Magic and madness: the creative couples of the Chelsea Hotel
Ros Brennan peers inside the 'bohemian palace' that was The Chelsea Hotel, exposing the drug use, debauchery and tumultuous affairs of its most notorious residents
The phrase 'if these walls could talk' is over-used to the point of cliché. But the Chelsea Hotel is a worthy candidate; its hallowed walls have seen more debauchery than one's most scintillating nightmares could conjure. From Andy Warhol's muse Edie Sedgwick setting her room on fire, to the bloody murder of Sex Pistol Sid Vicious' girlfriend Nancy, to Jackson Pollock projectile vomiting at an event intended to introduce him to the art world elite - and that's just the tip of the iceberg.
Built in the late 1880s in the New York borough of Chelsea, the hotel was a bohemian haven for artistic and philosophical exchange. The guest list reads like a reverie to the creative explosion of the 1970s. The who's who of rock n roll, art, poetry, theatre and film honed their craft and their intellect within its chaotic chambers.
Many of its residents paid tribute to their digs through their art. Marilyn Monroe's ex-husband Arthur Miller, who moved into the Chelsea after the divorce, offered a succinct summation of the bohemian ambiance: "This hotel does not belong to America," he wrote. "There are no vacuum cleaners, no rules and shame (...) A scary and optimistic chaos which predicted the hip future and at the same time the feel of a massive, old-fashioned, sheltering family."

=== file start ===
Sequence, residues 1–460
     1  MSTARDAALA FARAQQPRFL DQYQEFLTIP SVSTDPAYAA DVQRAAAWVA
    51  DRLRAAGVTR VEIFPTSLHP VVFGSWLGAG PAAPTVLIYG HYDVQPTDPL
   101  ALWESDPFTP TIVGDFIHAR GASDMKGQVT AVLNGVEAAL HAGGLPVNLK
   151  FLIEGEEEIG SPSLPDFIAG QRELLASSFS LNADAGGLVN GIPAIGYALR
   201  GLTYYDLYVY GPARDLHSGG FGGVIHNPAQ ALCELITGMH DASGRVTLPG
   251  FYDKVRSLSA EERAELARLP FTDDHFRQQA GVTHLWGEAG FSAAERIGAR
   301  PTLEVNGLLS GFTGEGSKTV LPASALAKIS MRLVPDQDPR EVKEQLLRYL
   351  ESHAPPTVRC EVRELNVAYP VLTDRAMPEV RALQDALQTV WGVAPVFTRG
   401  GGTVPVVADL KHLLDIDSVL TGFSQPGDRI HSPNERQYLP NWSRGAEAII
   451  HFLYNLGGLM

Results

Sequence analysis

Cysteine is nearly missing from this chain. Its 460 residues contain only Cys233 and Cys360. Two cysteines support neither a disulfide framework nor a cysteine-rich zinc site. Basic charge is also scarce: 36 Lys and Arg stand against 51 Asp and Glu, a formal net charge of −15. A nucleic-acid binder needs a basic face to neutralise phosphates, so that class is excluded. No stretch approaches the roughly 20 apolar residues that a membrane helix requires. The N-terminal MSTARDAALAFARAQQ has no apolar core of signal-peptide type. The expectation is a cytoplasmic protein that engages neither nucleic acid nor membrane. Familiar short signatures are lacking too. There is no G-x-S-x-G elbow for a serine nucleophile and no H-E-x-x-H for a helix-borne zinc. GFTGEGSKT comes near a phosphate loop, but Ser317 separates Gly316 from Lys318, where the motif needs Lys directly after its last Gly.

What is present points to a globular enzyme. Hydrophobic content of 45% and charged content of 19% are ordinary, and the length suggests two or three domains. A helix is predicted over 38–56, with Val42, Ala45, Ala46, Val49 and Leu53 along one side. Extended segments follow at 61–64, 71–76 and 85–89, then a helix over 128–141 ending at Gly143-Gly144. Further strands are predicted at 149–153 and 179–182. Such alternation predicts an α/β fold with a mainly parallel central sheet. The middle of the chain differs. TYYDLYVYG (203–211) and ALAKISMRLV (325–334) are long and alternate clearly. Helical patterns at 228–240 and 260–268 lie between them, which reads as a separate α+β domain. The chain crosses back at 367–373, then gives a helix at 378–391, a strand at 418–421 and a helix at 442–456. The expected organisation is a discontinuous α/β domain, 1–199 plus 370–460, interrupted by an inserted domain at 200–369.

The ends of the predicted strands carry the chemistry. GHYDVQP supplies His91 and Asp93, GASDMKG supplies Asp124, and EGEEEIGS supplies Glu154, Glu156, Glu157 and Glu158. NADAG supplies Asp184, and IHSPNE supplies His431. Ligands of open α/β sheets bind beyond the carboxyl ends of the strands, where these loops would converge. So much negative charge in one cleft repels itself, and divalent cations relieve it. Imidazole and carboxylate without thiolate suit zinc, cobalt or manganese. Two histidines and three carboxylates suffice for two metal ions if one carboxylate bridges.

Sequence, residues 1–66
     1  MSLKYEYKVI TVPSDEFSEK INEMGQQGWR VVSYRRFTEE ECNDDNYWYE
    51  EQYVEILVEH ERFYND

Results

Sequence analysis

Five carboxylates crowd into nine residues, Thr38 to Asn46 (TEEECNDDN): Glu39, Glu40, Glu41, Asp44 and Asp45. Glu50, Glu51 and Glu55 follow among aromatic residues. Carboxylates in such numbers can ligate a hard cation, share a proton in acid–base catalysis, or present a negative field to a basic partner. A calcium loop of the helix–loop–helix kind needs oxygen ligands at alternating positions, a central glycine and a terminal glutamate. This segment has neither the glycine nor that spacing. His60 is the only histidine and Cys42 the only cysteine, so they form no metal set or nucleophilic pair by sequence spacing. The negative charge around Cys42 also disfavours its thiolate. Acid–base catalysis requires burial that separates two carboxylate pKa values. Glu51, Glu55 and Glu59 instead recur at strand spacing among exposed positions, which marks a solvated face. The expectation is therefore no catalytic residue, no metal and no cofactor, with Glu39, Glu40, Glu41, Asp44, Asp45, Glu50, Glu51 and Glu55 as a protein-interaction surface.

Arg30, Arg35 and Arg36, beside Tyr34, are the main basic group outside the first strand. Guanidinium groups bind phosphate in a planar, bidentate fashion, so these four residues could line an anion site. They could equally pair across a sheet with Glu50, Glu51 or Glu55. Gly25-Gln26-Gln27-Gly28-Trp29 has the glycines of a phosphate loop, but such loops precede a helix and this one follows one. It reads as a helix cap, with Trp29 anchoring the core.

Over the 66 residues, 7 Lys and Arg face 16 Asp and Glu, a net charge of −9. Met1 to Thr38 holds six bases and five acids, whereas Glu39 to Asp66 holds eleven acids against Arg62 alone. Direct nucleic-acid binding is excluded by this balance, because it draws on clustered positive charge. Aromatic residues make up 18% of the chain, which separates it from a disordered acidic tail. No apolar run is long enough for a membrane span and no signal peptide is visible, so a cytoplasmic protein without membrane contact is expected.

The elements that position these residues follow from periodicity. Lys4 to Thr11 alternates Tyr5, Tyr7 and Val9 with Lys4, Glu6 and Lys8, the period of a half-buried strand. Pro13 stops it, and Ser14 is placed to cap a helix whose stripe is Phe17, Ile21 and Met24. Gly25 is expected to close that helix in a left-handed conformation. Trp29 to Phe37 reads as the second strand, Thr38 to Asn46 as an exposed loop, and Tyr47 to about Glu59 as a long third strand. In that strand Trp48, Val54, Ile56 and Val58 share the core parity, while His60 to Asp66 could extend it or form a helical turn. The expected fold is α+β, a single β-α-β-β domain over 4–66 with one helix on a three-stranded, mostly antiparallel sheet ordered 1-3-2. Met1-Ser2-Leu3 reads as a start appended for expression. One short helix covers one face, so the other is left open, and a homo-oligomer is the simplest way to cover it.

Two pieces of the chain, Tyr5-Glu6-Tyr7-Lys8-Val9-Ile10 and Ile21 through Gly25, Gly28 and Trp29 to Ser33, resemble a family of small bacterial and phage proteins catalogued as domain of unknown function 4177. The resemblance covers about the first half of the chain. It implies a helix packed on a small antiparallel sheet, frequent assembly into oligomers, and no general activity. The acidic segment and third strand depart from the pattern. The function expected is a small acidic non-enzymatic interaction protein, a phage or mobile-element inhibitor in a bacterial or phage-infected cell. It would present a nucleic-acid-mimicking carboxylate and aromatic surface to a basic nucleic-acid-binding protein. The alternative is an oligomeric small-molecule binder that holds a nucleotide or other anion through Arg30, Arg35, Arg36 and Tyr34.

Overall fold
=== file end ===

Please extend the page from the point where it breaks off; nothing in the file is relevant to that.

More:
Joni Mitchell's 'Chelsea Morning' name checks the hostelry, as does the Lou Reed-penned 'Chelsea Girl', Leonard Cohen's 'Chelsea Hotel #2' and Jefferson Airplane's 'Third Week in the Chelsea.' Jack Kerouac pounded out 'On the Road' in his room and Yves Klein wrote his Chelsea hotel manifesto.
It's no surprise that the Chelsea's carnival-like atmosphere was a breeding ground for many romantic affairs; from hot-headed trysts to marriage. These encounters were fraught with lashings of euphoria, chaos and tragedy. The frenzied state of their surroundings, rampant drug use and the pleasures and pain of romance were like an addictive fuel for the creative process.
At their worst, Chelsea romances ended in bloodied murder, but at their best, they spawned a symbiotic relationship, the silent alchemy and constant dance of two minds whose cogs turn in synchronised motion.
Click through the gallery above to discover the tumultuous affairs and enduring love stories of the Chelsea Hotel.
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